Getting GPIO on Adafruit Py QT Working
Getting the GPIO working on the Adafruit Py QT has been a challenge. This week I was finally able to do it using the Arduino IDE.
I learned I had been using the wrong documentation for the board. It uses a SEEED Xiao footprint, but it is not compatible with the software.
I was able to find the documentation made specifically for the Adafruit Py QT and it made the process much smoother.
The Adafruit documentation has a guide for setting up both CircutPython and Arduino.
The long and short of the Arduino guide, is you need the Expressif ESP32-S2 board installed in the Arduino IDE. The SEEED Xiao board does not work for the Adafruit Py QT even though the product description says they are compatible.
Once I downloaded the board I tested making a GPIO pin output high for half a second, then output low for another half second. It worked and I have had sucess in minipulating all the pins.
Note on ESP32-S2 Bootloader
The bootloader for the Adafruit Py QT and ESP32-S2 chips in general are not write protected. You need to reinstall the bootloader using esptool after running Arduino code on the board.
Setting Up Communication on the Board
I have been researching different methods of storing and sending data from the microcontroller back to the surface station. Currently I am planning on using Websockets for communication and EEPROM for storage.
I chose Websockets over sockets for communication because of the libraries available and the microcontroller I am using. From my very light research I did, it seems the Websockets library is much more complete and user friendly than the sockets library.
I am using the Adafruit Py QT for the project has a 240MHz clock cycle, 2MB of PSRAM, and 4MB of flash which gives more than enough overhead for WebSockets over sockets.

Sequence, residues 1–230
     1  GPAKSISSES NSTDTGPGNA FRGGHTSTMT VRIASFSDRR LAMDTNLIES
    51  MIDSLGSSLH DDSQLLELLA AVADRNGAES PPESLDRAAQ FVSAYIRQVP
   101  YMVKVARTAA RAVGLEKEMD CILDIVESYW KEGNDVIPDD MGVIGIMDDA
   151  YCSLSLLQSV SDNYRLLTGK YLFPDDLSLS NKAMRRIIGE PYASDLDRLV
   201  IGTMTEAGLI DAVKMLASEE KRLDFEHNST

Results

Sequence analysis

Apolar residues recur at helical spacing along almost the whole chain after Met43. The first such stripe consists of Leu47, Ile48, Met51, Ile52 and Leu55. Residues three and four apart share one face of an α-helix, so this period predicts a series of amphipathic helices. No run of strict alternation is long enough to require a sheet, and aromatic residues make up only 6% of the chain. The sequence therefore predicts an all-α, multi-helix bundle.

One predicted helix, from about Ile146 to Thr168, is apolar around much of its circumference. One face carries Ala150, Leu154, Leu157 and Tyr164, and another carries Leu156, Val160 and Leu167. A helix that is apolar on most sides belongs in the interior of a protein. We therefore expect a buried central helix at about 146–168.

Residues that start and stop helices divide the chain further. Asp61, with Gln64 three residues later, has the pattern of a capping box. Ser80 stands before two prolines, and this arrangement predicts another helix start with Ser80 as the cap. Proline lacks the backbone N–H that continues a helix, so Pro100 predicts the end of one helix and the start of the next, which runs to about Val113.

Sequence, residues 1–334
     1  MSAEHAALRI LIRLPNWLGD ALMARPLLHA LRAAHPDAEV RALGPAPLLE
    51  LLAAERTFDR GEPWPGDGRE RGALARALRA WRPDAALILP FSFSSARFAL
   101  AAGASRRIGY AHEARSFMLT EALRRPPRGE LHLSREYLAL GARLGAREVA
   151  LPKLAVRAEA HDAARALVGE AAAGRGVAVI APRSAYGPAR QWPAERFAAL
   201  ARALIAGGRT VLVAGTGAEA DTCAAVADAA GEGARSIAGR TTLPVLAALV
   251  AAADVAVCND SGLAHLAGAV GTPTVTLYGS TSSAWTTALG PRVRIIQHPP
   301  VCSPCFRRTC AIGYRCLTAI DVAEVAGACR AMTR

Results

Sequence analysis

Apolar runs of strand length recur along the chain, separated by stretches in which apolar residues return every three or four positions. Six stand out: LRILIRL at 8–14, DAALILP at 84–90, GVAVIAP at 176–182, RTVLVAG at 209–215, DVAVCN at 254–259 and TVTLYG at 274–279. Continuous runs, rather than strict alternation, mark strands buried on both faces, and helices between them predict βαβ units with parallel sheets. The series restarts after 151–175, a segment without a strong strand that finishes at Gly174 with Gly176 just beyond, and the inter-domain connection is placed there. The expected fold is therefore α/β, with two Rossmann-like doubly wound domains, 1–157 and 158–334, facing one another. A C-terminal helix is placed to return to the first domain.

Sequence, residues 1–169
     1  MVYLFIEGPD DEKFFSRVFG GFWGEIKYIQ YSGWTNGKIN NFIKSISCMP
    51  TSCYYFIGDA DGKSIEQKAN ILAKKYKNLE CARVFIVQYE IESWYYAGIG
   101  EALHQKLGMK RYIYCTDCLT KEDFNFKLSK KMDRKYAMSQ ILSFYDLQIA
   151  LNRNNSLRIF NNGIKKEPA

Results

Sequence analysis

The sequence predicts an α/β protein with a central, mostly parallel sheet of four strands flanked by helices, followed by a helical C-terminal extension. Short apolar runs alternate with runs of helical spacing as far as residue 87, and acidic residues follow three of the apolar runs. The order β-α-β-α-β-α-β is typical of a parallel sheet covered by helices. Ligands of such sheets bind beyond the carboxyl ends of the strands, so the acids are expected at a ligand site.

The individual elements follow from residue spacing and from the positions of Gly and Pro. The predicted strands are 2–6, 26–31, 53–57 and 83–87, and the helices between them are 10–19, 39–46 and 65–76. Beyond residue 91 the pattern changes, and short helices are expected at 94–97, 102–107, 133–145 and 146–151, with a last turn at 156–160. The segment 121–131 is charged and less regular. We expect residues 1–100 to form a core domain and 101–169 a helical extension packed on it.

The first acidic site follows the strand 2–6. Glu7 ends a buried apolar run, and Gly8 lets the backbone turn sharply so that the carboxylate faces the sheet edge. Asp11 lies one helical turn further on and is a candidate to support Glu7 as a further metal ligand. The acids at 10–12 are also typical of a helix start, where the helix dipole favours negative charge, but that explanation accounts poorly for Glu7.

EEProm allows you to store information in ROM (its a misnomer, you can write to it) on Arduinos without needing an entire file system. I am going to need to store the depth measurements in 5 second intervals, so a full filesystem is really not necessary.
Auditing the Websockets Library
I like to do some light auditing of any library that I am using. I want to make sure the code I am writing is not doomed from the start, and I see it as my way of contributing to the open source community.
I took a look at the code for the Websockets library and was very pleased to see that, unlike the radio library I used earlier, it properly sizes buffers and stops buffer overflows.
The code overall in the ArduinoWebsockets library, and by extension the TinyWebsockets library, is very well written, understandable, and as far as I can tell secure.
On my free time at home I have been testing how Windows Defender remembers malware on a given machine. I have found that once the malware is detected by Windows defender it only stores a hash of the file, and flipping one bit stops it from remembering that.
Flipping a bit in an executable seemed like it would be an issue to me at first, but windows gives a lovely buffer in each .exe file that lets people running it in DOS mode know that it will not work.
You can change the text in this buffer and it does not effect the execution of the program unless you were to actually run it in DOS mode.
Since it is such an obvious place to establish polymorphism, I assumed that it would flag antivirus to change that section of the binary. In my testing however it does not. I am surprised this is not used more often because writing code to edit that part of the binary is extraordinarily simple.